CHARLESTON – Back by popular demand,  Clemson University is having a Poa Control Field Day from 8:30 a.m. to 11 a.m. on April 17 at Wild Dunes Resort on Isle of Palms.

Orange golf ball with white tiger paw laying on green golf course.

Learn how to keep your turfgrass free of Poa annua during Clemson’s Poa Control Field Day April 17.
Image Credit: Clemson University

Bert McCarty, a Clemson professor of turfgrass science and management, said the last Poa Control Field Day was held in 2013. Poa is short for Poa annua, a cool-season annual grass also known as bluegrass.

“The severity of this weed and a tremendous increase in herbicide resistance is leaving people with fewer control options,” McCarty said. “The demand from the public has been so great, we felt it was time to hold another field day to give golf course superintendents and other professionals who maintain commercial turfgrass properties an opportunity to learn how to control this weed.”

The Poa Control Field Day begins with registration at 8:30 a.m. at the Links Clubhouse. Field day participants will travel to research sites where they will learn about Poa annua control in non-overseeded and overseeded bermudagrass. A question-and-answer session will follow the visits.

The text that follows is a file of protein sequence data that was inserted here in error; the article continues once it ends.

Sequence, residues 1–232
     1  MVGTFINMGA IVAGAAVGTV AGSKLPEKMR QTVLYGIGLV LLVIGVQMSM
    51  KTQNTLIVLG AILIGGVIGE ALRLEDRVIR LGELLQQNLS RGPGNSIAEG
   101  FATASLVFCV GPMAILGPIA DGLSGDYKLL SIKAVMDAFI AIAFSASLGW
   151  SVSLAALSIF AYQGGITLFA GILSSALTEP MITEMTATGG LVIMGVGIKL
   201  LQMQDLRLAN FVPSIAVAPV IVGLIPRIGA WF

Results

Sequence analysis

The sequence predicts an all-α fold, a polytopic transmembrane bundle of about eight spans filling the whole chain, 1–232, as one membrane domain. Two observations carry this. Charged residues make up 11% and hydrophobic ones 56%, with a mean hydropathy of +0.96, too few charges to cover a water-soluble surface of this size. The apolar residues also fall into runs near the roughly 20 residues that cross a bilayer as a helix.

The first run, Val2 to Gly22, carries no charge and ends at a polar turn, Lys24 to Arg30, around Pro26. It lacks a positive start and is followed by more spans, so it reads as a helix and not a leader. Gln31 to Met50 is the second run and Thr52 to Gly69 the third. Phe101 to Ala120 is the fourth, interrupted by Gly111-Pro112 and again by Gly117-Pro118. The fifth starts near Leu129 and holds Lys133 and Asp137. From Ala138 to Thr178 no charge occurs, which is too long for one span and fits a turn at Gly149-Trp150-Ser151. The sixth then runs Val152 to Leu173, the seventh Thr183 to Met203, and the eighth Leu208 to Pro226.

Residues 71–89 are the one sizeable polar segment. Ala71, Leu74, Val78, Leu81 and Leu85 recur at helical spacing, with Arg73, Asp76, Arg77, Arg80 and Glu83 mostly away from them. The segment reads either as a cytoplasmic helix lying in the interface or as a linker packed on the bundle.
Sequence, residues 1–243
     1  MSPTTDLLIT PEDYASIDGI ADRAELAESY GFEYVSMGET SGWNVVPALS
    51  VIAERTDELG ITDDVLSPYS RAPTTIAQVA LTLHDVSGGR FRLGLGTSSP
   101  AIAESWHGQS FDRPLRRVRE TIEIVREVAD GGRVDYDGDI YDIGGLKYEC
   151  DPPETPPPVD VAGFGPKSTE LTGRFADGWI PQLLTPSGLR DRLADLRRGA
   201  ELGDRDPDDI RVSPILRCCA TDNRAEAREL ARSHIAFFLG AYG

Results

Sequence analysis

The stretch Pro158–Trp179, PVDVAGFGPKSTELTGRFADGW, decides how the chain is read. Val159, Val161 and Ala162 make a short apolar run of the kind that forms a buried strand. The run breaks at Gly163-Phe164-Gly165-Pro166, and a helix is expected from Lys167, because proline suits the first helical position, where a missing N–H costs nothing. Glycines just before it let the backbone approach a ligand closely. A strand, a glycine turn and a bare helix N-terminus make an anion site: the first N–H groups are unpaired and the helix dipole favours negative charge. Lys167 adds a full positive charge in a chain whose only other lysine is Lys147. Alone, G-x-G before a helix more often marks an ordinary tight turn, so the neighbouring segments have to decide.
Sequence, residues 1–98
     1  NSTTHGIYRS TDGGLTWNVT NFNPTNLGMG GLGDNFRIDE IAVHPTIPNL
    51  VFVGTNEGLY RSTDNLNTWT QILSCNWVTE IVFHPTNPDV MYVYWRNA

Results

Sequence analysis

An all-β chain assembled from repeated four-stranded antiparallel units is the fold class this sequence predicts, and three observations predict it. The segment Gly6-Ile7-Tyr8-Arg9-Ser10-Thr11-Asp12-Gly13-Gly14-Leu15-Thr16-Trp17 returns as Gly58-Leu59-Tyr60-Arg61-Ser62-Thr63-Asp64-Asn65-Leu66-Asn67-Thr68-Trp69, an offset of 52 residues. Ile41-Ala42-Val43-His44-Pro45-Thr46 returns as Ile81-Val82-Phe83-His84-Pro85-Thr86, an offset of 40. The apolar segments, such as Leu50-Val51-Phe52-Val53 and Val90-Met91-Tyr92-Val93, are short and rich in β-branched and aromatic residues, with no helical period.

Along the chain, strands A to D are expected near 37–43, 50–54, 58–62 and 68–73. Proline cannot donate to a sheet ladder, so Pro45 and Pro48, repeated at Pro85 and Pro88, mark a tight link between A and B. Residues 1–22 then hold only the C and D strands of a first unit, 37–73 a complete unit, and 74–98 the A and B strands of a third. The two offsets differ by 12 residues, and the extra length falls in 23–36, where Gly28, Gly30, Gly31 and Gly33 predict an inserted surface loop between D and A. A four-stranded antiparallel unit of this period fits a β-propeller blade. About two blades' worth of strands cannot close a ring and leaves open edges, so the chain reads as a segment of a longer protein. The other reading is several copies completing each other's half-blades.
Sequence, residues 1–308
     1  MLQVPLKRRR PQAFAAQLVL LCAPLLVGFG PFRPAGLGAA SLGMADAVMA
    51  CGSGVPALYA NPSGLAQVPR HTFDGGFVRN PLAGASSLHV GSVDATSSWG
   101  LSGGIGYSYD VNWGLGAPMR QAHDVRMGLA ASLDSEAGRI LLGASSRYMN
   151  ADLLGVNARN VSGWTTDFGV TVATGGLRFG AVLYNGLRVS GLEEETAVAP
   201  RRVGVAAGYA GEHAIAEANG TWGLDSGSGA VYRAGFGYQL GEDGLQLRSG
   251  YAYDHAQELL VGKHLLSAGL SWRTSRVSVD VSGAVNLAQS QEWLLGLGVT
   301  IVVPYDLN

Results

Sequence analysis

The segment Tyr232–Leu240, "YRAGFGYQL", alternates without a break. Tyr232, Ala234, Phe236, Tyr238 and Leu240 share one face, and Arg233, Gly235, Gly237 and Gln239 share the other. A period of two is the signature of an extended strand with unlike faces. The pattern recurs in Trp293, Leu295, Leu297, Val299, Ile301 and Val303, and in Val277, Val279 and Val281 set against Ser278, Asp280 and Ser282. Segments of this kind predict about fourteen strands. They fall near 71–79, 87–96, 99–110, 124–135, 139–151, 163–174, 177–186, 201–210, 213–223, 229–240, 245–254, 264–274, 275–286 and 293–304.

The Poa Control Field Day is free and open to the public. A small fee will be required for anyone who wants to eat lunch at the clubhouse, as well as for anyone who wants to play golf.

“Come see and compare your control program against contemporary ones which consider herbicide resistance that is spreading throughout the southeastern United States,” McCarty said.

This field day is being held in cooperation with Scott Ferguson, director of golf course maintenance at Wild Dunes Resort. Ferguson said this field day is a great way for everyone responsible for golf courses to learn the latest Poa annua control measures.

“Poa annua is by far the No. 1 winter weed in the Carolinas,” Ferguson said. “For those of us who overseed, it is particularly troublesome. As golf course superintendents, this field day gives us the opportunity to see firsthand real-world results of different pesticide combinations, rates and timing. As superintendents, we could never find the time to experiment to this degree. The results are a tremendous resource for making educated decisions.

“We truly appreciate the commitment of Dr. McCarty and Clemson University for their dedication to the golf industry and golf course superintendents of the Carolinas,” he said.

Participants in this year’s field day will visit about 30 plots that have been used in the Poa control study. No pre-registration is required. For more information, visit